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Arthurian Romances (Dover Books on Literature & Drama) Kindle Edition
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Top Customer Reviews
On the other hand, if you are a casual reader interested in getting to the sources of the King Arthur stories, you may find Chretien rather disappointing.
For modern tastes, there is far too much narrative here and not enough characterisation or description. Chretien also has the habit of interrupting his denouements with apparently irrelevant observations on the nature of courtly love.
Clearly, Chretien's audience had very different expectations from most modern readers. If you want to enjoy the Arthurian Romances, it's worth trying to get into the mind of the original readers.
You need to remember that although today we see Arthur as escapist legend, in Chretien's time the 'matter of Britain' was a legitimate subject for an intellectual engaging other intellectuals.
Equally, looking back through the eyes of Tennyson (if not Hollywood), we tend to see Arthur as a romantic ideal. This assessment is further clouded by the title of this translation. The word 'Romance' here really means 'Novel', rather than something concerned with romantic love. The idea of love in Chretien is the idea set out in Andreas Capellanus 'the Art of Courtly Love', not that of 'Idylls of the King'.
Finally, the complex of social castes in Chretien was not something exotic or ancient to the original readers. There are layers of meaning which would have be obvious to his audience but which are concealed from us.Read more ›
Marital love is ever an important theme in Chretien. In Erec and Enide, the hero neglects his knightly reputation in order to devote himself to his new bride, and in Yvain the hero does the opposite and neglects his bride for valour. Both must set off on a series of adventures that culminate in them seeing the error of their ways and setting matters right.
Lancelot is an excellent story, though rather odd in that the theme this time is an adulterous relationship, that of Lancelot and Guinevere. Nowhere does Chretien condemn this relationship, despite negative references elsewhere to the shameful adulterous love between Tristan and Iseult. In Kibler's introduction he suggests that the theme may have been suggested by Chretien's patroness. Perhaps, then, Chretien was anxious not to offend the French Court. At any rate, he didn't bother to finish the romance and gave it to someone else to do (the ending is included in this book).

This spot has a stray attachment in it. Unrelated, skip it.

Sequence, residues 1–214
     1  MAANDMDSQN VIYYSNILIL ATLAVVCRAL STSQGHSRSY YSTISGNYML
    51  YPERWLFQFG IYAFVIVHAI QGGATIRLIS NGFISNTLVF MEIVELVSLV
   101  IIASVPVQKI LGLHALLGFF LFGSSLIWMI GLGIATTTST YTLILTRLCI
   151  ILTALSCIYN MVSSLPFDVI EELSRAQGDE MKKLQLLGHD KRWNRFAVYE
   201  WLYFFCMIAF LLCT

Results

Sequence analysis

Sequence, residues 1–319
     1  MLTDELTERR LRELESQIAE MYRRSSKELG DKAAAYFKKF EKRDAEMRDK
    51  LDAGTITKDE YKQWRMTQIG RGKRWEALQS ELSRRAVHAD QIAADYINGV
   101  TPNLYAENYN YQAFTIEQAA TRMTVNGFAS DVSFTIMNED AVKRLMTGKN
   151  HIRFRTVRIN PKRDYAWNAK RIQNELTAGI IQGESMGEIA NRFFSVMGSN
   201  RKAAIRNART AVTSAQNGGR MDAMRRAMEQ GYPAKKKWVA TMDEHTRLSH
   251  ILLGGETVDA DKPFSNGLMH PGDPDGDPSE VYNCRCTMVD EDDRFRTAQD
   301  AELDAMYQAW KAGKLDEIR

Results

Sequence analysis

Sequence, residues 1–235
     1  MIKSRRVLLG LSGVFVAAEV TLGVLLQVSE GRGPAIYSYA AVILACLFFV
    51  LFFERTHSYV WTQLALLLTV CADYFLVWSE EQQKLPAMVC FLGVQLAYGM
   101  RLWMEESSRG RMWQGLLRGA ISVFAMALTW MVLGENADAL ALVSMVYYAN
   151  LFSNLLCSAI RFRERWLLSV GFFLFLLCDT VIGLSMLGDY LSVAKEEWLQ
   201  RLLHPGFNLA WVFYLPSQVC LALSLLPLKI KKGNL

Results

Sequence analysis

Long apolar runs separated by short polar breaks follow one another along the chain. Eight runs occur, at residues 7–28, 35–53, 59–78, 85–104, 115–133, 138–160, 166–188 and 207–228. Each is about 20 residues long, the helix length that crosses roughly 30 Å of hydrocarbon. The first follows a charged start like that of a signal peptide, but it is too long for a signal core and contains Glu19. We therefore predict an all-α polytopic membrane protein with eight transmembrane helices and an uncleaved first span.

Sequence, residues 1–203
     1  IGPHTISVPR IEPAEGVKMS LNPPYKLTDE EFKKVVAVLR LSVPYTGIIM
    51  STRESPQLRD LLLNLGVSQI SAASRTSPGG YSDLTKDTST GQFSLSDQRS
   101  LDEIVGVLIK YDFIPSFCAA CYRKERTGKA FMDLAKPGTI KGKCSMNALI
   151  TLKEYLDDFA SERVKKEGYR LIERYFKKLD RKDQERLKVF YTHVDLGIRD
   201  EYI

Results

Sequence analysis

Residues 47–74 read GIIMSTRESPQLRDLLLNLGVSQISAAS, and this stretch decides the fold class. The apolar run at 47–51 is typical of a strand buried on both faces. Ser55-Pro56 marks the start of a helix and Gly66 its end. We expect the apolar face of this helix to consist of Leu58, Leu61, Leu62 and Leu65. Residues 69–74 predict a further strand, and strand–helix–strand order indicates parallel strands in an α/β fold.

In Perceval Chretien masterfully captures the naivete of the young hero, and he delivers the most mysterious, powerful and influential Arthur story of all. Here we see the holy grail, the bleeding lance and the castle of maidens, all of which have become essential ingredients in Arthurian lore. It's unfinished state presented an irresistible challenge to later poets, some of whom tried to finish it off, others who went back to the beginning and offered their own interpretations.Read more ›
Chrétien's major works include four poems included in this collection: Erec and Enide, Cligés, The Knight of the Cart (Lancelot), and The Knight of the Lion (Yvain). For Grail seekers, the story of most interest will be the unfinished Perceval: The Story of the Grail. Although the tale exists in finished form (in fact, several variations of finished forms), de Troyes in fact only wrote the first 9000 lines of the approximately 32,000 line text. (De Troyes also was embellished or supplemented by later additions to the tale of Lancelot, perhaps because de Troyes did not want to include an adulterous affair).
The story of Erec and Enide is a love story between one of Arthur's knights, Erec, who while out with Guinevere encounters a mean-spirited knight Yder; Erec's pursuit of Yder leads to his meeting Enide, and the two have a stormy relationship (by medieval romantic standards) but ultimately are able to reconcile their love and relationship with public duty.
The story of Cligés is one of tricky and forbidden relationships. Cligés, a native of Greece, falls in love with Fenice, his uncle's wife (Cligés' uncle happens to be the emperor). Their love is discovered, but with the aid of King Arthur, their relationship continues in Cligés' home country of Greece.Read more ›
Most Recent Customer Reviews
If you have time - and if you're about to read this book you must have it to burn - please indulge me in my offer of an introduction to Chrétien de Troyes as an alternative... Read morePublished on 26 Mar. 2012 by therealus
The stories in this book were written in the 1100s and are a translation from French. There are five stories altogether and some are better than others. Read morePublished on 10 Jun. 2010 by Faye
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